Syria opposition group votes to attend peace conference
A Syrian regime militiman walks underneath anti-sniper screens on a devastated street near the front line in Tadamon, a contested southern Damascus suburb. Islamist rebels are beseiged by regime forces in the southern half of Tadamon.
BEIRUT — Despite deep divisions, the major U.S.-backed Syrian opposition bloc voted Saturday to participate in peace talks scheduled to begin next week in Switzerland, ending months of uncertainty about whether the group would attend the long-anticipated negotiations.
“We are going to the conference without heads held high for those who are witnessing the most heinous massacres in history,” a sullen Ahmad Jarba, the coalition president, told reporters gathered at a hotel outside Istanbul, Turkey, where the opposition delegates gathered.
The coalition vote would seem to ensure that the conference — the first face-to-face meeting between the exiled opposition and the government of President Bashar Assad — would begin as scheduled on Wednesday in the Swiss city of Montreux.
Though the conference is viewed as the most concerted international effort to end the almost-three year civil war, it is still an open question whether the talks will accomplish much to end the bloodshed in Syria.
Mixed signals from the opposition had left an air of uncertainty as the so-called Geneva II conference was set to kick off. Coalition activists, who had long vowed never to negotiate with the Assad government, had pushed without success for iron-clad guarantees that the talks would lead to Assad’s departure from office.
In Washington, U.S. Secretary of State John F. Kerry lauded the decision Saturday as a “courageous” move.
The decision averted a potential embarrassment for the Obama administration, which had engaged in months of diplomatic cajoling and arm-twisting in an effort to convince its hesitant allies and proxies to come to the peace table.
The United States and Russia are major sponsors of the talks, organized under the auspices of the United Nations. Russia is a key ally of Assad, while the United States has thrown its weight behind the Syrian opposition and backed its calls for Assad to step down.
More than 30 nations will attend the conference, but a major regional player, Iran, a close ally of Assad’s government, has so far been excluded at the insistence of Washington.
The Syrian government, working closely with Moscow, has said it would send a high-ranking diplomatic delegation to Switzerland.
Representatives of both the United States and Russia have agreed that a political solution is the only means to end the war, which has left more than 100,000 people dead, forced millions from their homes and sown instability throughout the Middle East.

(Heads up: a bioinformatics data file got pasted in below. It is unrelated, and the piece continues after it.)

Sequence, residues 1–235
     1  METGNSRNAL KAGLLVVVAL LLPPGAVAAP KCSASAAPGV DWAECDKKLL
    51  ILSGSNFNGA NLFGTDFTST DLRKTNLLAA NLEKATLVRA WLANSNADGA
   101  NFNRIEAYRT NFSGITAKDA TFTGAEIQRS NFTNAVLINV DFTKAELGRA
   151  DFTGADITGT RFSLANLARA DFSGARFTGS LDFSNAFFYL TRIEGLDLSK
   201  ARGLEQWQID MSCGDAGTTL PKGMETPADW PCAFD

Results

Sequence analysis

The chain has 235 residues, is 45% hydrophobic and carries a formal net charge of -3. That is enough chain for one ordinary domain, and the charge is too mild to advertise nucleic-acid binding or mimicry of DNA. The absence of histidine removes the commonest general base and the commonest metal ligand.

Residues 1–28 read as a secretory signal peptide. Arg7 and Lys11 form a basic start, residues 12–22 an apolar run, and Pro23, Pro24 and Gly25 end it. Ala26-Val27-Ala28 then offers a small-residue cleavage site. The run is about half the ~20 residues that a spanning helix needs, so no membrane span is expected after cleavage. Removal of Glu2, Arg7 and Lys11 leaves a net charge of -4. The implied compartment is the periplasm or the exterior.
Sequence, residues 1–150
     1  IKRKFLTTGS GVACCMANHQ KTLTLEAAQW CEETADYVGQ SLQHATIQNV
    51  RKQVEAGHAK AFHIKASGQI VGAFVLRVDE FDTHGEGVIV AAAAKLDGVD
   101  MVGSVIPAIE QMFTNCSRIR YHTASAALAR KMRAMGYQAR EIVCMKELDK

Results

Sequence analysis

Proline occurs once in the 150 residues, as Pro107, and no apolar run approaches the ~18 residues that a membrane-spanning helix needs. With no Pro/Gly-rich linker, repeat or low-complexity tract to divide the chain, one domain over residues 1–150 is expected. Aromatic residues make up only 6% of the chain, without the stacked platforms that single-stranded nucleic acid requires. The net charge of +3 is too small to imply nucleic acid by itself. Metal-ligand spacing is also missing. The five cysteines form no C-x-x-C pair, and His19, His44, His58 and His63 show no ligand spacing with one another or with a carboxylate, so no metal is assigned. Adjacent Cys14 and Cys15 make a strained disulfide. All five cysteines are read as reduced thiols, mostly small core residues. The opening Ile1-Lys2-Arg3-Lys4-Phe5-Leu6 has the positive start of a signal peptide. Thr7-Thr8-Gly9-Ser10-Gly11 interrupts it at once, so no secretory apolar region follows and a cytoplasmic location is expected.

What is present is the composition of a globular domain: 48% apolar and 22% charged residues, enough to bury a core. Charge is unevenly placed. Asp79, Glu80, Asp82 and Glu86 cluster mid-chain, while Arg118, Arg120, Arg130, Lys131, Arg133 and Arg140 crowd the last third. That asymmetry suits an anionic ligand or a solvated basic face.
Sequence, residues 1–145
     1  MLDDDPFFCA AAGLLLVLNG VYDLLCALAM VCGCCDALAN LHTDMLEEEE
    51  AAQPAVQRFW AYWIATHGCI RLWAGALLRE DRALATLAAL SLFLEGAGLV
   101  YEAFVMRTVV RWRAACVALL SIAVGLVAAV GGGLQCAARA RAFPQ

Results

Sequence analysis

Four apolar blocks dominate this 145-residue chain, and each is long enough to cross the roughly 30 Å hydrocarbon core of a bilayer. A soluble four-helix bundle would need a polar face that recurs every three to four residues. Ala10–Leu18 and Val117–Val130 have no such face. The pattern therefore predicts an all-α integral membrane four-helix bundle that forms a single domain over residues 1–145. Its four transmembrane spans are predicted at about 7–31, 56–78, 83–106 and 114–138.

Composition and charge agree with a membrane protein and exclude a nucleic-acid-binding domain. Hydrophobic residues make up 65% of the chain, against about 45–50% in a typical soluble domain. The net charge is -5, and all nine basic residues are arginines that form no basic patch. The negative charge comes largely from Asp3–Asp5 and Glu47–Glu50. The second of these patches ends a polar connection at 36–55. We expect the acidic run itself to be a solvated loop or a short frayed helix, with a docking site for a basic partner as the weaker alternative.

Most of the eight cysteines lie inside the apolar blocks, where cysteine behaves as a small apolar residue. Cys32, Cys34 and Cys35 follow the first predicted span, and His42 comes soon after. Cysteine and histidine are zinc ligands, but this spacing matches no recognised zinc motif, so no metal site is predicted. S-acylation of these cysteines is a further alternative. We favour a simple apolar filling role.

The stated goal of the Geneva talks is to create a transitional governing authority by “mutual consent” of the negotiating parties, leading eventually to democratic elections. U.S. diplomats and their allies insist this means that Assad must cede power, but Syrian and Russian officials say Assad’s departure is not predetermined.
Despite widespread skepticism that the talks will accomplish much of substance, many Syrians and others see the start of some kind of peace initiative as a rare glimmer of hope. Any peace process is likely to drag on for months if not years amid a sectarian-fueled conflict that has left much of the nation in ruins and torn apart the delicate fabric of Syrian society.
Along with pressures from Western, Arab and other backers to attend Geneva II, the opposition coalition also faced criticism from rebel commanders who view the talks as a betrayal. The coalition is a largely exiled-based assemblage with limited influence on fighters in Syria.
Still unclear is the extent to which rebel factions nominally under the coalition’s umbrella will participate in Geneva. The coalition includes the so-called Free Syrian Army, a loose federation of fighting groups in a nation where hundreds of factions with varying agendas have taken up arms, including several Al Qaeda affiliates and other Islamic militants. Infighting among rebel factions has become a major problem and opened the way for recent government advances on the battlefield. Coalition officials said its military wing backed Saturday’s decision to participate in Geneva II.
The coalition, known formally as the National Coalition of Syrian Revolutionary and Opposition Forces, was formed in November 2012 in Qatar with an explicit vow that it would never negotiate with Assad. A previous coalition president, Moaz Khatib, was subject to intense internal criticism after he said publicly he would be willing to talk to the Syrian government if the move helped to save lives. He later left the coalition.
On Saturday, the coalition said 58 delegates voted in favor of attending the conference, 14 voted against, two abstained and one submitted a blank ballot. But 44 other delegates boycotted in apparent protest, meaning a majority of members did not vote in favor of attending Geneva II.
On Sunday, the opposition coalition reportedly plans to name a 15-person delegation to attend the talks. They will face a formidable government team, led by a veteran diplomat, Syrian Foreign Minister Walid Moallem, Damascus’ former ambassador in Washington.